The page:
“I jumped in and tried to do what I’ve always done which is to help boys enjoy what they’re doing and build a culture within a club that builds a consistency in the way you go about things.
“We started the process last year and got the rewards, and we’ve started to bear fruit from having a really positive pre-season.”
Cut to the Chase
Powell did have one significant issue that needed addressing soon after his arrival at Cas – that of Rangi Chase’s future.
“Pretty much straight away I sat down with Rangi and asked him what he was thinking, and he wanted to play somewhere else and have a fresh challenge. The best analogy I can use is Iestyn Harris when he left Leeds, and I was the coach then.
“I was confident that Kevin Sinfield would step up along with other players like Rob Burrow and Danny Mags (Maguire) – we had a lot of players that I felt would improve as a result of Iestyn leaving.
“I pretty much thought the same here. Rangi was an elite player and had done a fantastic job at Castleford, but there is always life after a player, and I thought that we’d be okay. Signing halfbacks is tough at the moment and there’s not a massive amount of top quality halfbacks around at the moment, but I believed that we’d be okay.”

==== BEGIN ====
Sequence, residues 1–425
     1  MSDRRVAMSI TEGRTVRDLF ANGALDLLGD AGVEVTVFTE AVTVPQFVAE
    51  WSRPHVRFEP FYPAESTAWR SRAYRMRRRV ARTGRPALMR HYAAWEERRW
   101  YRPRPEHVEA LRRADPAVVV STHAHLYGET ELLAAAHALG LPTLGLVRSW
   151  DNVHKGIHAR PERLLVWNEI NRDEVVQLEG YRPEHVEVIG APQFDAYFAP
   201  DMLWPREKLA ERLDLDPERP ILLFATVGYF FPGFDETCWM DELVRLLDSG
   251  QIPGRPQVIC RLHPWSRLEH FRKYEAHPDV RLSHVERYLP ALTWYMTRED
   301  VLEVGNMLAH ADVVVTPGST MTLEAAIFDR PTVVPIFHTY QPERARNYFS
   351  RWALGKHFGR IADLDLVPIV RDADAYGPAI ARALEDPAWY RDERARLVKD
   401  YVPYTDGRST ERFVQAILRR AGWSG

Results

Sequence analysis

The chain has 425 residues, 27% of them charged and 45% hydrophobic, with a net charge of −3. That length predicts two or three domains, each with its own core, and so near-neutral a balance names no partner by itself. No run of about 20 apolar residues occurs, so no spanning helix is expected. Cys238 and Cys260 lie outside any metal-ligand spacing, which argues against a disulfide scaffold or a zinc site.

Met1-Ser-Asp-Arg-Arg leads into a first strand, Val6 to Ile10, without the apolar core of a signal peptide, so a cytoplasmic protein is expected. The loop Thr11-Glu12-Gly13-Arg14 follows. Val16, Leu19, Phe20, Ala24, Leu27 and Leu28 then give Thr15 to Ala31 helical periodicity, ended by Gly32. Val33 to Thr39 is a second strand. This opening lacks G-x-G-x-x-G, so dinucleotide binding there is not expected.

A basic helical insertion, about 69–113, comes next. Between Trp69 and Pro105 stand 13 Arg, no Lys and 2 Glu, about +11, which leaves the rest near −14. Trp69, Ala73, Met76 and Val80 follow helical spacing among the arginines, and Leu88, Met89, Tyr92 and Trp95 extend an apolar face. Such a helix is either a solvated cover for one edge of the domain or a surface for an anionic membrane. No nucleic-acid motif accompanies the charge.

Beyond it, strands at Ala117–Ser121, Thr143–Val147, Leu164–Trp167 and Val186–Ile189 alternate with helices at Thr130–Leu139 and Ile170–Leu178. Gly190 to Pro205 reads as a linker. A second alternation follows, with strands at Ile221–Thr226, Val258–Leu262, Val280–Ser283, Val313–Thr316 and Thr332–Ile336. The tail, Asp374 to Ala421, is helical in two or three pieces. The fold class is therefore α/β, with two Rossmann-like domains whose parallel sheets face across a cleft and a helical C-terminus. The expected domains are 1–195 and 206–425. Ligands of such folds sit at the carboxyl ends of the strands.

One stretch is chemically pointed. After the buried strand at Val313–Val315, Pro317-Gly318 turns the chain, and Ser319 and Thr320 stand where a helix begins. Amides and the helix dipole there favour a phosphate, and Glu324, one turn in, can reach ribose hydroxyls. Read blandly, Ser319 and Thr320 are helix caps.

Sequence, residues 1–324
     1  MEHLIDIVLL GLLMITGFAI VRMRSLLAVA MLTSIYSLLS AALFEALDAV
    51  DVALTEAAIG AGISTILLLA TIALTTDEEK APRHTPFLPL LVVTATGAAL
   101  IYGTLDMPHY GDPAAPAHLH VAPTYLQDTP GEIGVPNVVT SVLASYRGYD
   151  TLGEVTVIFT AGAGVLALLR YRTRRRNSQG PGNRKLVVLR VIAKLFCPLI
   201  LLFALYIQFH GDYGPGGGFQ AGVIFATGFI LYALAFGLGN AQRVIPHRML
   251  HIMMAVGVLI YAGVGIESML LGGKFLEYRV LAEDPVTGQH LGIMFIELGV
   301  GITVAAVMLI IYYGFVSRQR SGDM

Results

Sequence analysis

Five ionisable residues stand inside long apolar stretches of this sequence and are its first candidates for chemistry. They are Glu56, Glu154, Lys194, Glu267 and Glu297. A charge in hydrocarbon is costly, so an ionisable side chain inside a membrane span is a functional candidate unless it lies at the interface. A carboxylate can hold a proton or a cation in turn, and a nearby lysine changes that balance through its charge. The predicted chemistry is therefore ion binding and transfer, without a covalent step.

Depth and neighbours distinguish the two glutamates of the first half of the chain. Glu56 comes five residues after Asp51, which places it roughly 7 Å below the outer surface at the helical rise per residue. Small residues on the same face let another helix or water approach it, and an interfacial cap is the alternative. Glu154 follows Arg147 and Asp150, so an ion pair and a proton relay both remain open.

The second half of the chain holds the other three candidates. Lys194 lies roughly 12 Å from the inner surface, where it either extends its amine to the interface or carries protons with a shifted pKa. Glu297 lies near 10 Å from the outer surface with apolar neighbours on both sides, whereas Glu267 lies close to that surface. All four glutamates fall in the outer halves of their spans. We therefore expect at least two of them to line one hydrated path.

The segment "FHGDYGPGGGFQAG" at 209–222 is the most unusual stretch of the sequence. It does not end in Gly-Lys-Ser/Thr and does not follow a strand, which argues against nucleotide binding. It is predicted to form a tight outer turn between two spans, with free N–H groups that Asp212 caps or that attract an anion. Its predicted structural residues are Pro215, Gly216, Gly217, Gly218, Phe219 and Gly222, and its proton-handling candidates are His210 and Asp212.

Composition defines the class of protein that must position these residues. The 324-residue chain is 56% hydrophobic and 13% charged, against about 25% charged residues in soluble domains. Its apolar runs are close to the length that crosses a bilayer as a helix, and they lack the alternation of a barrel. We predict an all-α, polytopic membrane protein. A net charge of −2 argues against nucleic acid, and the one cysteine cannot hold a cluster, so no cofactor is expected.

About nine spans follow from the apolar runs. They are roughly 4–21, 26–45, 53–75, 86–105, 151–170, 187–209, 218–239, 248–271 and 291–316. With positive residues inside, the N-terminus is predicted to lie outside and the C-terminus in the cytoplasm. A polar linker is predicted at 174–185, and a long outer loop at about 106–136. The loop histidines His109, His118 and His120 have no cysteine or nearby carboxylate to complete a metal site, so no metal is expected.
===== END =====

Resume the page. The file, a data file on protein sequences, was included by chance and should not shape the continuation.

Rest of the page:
They’ve been more than okay, with the Tigers leaving Chase’s Red Devils in their wake after 12 Super League rounds, sitting four wins above them in the table. Each of Powell’s signings – the injured Ashley Gibson apart – have played a part, with Luke Dorn, Frankie Mariano, Scott Wheeldon, Liam Finn and the evergreen Andy Lynch all contributing and giving Castleford a depth that they clearly lacked last year.
Finn’s arrival has certainly captured the imagination, with Powell bringing in his on-field leader from four years of stunning consistency in the Championship at Featherstone to supplement his squad.
“I think Wakefield were considering signing him and it didn’t happen, and I just thought it would be perfect for us. Brett Seymour was working hard but wasn’t quite in the place he needed to be, and it just seemed like a no brainer to me. I knew Liam and knew that he’d be able to deliver.
“Our first game against Halifax at Christmas rubber stamped it for me. He was only on for 15 minutes or so, but his organisational ability fitted in straight away, and straight away the players respected him.
“He’s never going to be the quickest player in the land, but between his ears he’s pretty sharp, and he’s done a great job of getting himself in and looking like an accomplished Super League player.”
Now Powell and Finn have eyes on the Super League play-offs. It was always that way, the coach insists, despite the threat of relegation ahead of this season.